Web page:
It’s Saturday, which is my favourite day of the week. That honour used to fall to Mondays, with the kids back at school after two days of me Surviving Parenthood, but in the past few months Mondays have become a never-ending stream of racing-around horror, ferrying kids to and from school and to appointments and classes, ferrying myself to the supermarket, and all the teeth-grinding hell which goes with all of the above. Anyway, now I have a new Saturday morning routine spurred by the Boy’s obsession with rugby (how delighted is he to hold an Irish passport?), which manifested itself in him DEMANDING to join a rugby club. I ignored him, as I usually do my children when they demand things which involve down-payments and invoices and more ferrying around and the purchase of gear (especially when that gear includes kids’ rugby boots, of which approximately two pairs a year are available to buy in Singapore), but then the Man mentioned that he’d like to bring him to a class, and I found out that a team quite far away has 2-hr classes at 9am on Saturday mornings, which would necessitate all the males in the house being out from 830am until 1130am... Sold! to the middle-aged woman weeping with joy at the prospect of some TIME ALONE.
So this is what we now do on Saturday mornings. On Friday nights I set the kids’ Gro Clock to 8am, and give them strict instructions NOT TO COME NEAR ME UNTIL THE (digital) SUN IS UP. At 8.30am, having made snacks and filled water bottles and packed kit into bags, I wave the Boy and Man off, and once I’m sure they’ve properly gone, I run out – to the extent that anyone can run in this humidity - and buy the weekend Financial Times – the only non-Singaporean weekend paper* available in our local shop. Then I come home and make myself a pot of proper tea, with proper tea-leaves and $500/litre milk, and lock myself, my tea and my paper on my balcony for an hour. Every so often one of the girls escapes the clutches of both the tv and the maid and manages to prise the lock open, but a quick shriek is usually enough to send them back inside. And there I sit, content despite my light sheen of sweat, reading about handmade winter coats, quantitative easing, and what various CEOs like to eat for lunch. It’s wonderful – as close to perfection as you can get when you’re sweating involuntarily.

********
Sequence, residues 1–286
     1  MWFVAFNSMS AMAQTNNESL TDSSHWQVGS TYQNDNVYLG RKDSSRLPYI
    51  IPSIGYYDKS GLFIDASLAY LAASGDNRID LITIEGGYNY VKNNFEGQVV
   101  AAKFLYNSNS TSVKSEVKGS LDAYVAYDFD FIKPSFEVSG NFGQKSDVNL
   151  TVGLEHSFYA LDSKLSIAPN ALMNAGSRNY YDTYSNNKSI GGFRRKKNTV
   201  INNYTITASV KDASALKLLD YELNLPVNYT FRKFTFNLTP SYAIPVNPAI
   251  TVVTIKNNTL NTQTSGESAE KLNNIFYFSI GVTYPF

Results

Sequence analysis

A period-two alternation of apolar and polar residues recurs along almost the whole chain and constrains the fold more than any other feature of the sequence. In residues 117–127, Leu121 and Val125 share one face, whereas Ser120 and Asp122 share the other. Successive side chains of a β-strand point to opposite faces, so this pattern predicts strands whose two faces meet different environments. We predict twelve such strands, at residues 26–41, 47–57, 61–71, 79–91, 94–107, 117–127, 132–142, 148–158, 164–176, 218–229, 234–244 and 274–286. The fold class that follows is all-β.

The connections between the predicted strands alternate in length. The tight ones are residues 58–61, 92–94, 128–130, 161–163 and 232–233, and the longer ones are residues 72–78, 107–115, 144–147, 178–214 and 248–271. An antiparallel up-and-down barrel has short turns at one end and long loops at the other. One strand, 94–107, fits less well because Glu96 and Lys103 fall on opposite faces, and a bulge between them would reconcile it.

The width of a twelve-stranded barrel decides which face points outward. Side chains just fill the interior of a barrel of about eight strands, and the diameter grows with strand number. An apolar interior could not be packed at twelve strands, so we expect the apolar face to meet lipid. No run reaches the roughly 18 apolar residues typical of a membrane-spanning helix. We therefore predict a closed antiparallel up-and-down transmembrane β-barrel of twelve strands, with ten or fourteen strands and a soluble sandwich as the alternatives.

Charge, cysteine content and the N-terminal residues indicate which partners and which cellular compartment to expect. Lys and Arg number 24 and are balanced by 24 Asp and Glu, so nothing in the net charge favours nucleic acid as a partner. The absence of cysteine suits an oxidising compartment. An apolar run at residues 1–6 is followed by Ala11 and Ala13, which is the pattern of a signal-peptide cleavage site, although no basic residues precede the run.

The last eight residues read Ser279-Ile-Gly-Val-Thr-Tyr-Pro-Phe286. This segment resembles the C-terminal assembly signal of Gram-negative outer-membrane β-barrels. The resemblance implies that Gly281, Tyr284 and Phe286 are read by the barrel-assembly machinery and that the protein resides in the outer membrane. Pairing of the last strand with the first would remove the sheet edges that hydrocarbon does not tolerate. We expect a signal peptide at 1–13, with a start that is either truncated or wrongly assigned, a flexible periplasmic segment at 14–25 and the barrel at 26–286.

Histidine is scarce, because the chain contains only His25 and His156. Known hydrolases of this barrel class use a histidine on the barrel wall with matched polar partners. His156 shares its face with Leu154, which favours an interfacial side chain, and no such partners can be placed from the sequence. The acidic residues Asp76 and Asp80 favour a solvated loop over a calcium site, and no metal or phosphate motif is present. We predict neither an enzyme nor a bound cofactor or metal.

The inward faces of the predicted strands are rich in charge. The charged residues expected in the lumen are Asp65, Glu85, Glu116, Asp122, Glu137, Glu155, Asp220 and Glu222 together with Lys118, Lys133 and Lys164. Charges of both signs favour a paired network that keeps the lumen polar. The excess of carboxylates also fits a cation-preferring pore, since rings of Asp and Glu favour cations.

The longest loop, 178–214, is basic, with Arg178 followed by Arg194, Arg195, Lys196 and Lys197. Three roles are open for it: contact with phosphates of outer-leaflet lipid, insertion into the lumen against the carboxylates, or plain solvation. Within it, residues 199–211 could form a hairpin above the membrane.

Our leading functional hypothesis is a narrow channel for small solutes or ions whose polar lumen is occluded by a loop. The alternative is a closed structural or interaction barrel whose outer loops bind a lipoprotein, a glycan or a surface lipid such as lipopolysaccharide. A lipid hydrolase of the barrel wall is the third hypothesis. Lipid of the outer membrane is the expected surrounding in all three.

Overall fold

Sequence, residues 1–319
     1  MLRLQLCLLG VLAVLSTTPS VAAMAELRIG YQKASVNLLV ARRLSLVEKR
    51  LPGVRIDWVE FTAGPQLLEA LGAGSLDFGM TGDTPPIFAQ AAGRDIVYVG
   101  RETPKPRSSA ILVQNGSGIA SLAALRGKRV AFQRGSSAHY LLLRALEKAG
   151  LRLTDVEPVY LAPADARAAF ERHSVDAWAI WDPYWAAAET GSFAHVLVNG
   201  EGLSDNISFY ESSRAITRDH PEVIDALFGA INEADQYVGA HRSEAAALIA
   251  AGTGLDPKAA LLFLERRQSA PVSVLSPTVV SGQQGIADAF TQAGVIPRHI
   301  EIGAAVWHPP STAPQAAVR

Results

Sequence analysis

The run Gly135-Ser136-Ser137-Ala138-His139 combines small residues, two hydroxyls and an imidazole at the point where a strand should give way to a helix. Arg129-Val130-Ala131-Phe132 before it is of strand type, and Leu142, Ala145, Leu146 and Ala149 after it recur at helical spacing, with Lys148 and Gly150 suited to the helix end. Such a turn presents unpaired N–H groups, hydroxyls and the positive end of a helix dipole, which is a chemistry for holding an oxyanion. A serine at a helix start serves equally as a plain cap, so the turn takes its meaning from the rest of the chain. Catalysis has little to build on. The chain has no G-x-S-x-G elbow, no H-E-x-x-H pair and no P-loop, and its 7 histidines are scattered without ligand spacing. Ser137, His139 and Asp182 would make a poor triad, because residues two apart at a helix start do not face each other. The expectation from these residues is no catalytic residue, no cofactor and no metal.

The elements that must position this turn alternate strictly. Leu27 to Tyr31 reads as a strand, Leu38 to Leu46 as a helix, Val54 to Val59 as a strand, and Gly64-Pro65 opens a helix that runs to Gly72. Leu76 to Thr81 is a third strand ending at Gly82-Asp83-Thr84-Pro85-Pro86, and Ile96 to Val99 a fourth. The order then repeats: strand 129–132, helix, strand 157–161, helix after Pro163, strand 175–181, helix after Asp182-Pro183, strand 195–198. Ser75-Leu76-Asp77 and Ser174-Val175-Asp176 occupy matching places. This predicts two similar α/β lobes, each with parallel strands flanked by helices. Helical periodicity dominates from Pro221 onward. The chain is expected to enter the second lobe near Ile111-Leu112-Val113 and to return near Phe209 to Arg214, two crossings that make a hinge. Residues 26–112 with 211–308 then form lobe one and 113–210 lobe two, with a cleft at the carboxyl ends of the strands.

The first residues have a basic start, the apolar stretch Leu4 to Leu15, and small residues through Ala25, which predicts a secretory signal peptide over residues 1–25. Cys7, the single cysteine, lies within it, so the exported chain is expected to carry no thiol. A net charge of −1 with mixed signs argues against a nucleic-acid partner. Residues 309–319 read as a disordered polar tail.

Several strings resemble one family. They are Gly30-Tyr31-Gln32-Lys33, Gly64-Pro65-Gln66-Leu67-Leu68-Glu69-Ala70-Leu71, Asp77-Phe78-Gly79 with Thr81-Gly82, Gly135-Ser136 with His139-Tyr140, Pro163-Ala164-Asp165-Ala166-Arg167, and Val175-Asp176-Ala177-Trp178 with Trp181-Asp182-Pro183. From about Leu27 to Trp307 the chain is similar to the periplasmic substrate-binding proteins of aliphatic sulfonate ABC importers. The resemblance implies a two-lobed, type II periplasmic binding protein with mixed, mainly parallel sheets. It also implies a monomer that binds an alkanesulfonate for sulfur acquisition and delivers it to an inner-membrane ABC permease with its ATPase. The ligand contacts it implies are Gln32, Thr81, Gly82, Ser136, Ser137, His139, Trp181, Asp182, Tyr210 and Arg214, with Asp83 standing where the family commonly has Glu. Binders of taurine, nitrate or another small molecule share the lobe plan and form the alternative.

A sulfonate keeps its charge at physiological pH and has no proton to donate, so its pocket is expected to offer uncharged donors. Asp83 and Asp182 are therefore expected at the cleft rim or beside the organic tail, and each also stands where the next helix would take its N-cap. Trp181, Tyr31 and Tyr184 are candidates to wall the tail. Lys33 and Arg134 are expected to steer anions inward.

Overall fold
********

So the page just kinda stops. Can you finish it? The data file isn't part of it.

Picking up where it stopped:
Which brings me – lengthily, and circuitously – to today’s topic: “Mom” jeans. Oh yes. Mentioned in today’s FT, so it must be true. According to my favourite pink paper, a “mom jean” is: “a classic high-rise tapered cut”.
I'm confused. Is the idea that you’re wearing your own mother’s jeans - akin to the Boyfriend jeans? Which – with all due respect to my mother (and mothers everywhere) – is most unlikely to ever happen. Or is it a “jean” made specifically for us mammies, practical and useful, designed to minimise the daily minor embarrassments and mortifications which comprise motherhood? In which case quite honestly, a high-rise tapered cut just isn’t – excuse the pun – going to cut it.
And so, dear Reader, – I give you:
The Mum Jean:
Made from sturdy denim which has been treated to be wipe-clean and splatter resistant, the Mum is the first jean incorporating shock-absorbing pads in the ever-vulnerable groin area – so now your toddler can head-butt you to his heart’s content!
Other features include:
- An elasticated waist– because who has time to do up zips and buttons when your children are in the next room tearing chunks out of each other, or when you've gone for a pee for the first time in 11 hours and your offspring have climbed into the bath and are spraying water all over the bathroom?
- Built in, removable knickers – never again will you have to hold a screaming infant in a public toilet while trying to pull down, inch by torturous inch, your jeans and then your knickers; our built-in “knicker” works in conjunction with our elasticated waist to facilitate all situations when the speedy pulling-down of pants with one hand is required. (Each jean comes with 3 replaceable pairs of greying granny pants.)
- Side pleats at hip / thigh level, to accommodate the vagrancies of the condition known as Expanding Mother’s Arse
- Removable muslin cloth – handy for emergencies involving body fluids, but can also be used to drape over your head during bouts of particularly mortifying kiddie behaviour
- Discreet wipe-dispensing pouch
- Refrigerated snack pocket – with child-friendly access
- Water-proof, leak-proof, smell-proof, extra-volume, sick pocket – available in a range of leg locations, depending on height of off-spring
- USB port – never be caught in a public place with an uncharged tablet again
- Water-proof turn-ups – perfect for the constant stream of used shit your children hand you to dispose of. Now simply train them to place it in your turn-ups instead!
Available in a variety of colours, including vomit, snot, spit, grime, and camouflage, the Mum jean can be worn for months on end without ever needing the washing machine.
We think you’ll agree that it kicks a classic high-rise tapered cut to the curb somewhat.
*Surely you should integrate yourself properly in your new country and read a local paper? I hear you all cry; ah yes. But unfortunately all the local papers are a heap of badly-written, poorly edited, highly-censored shit, and so for a decent morning’s read, I must look further afield.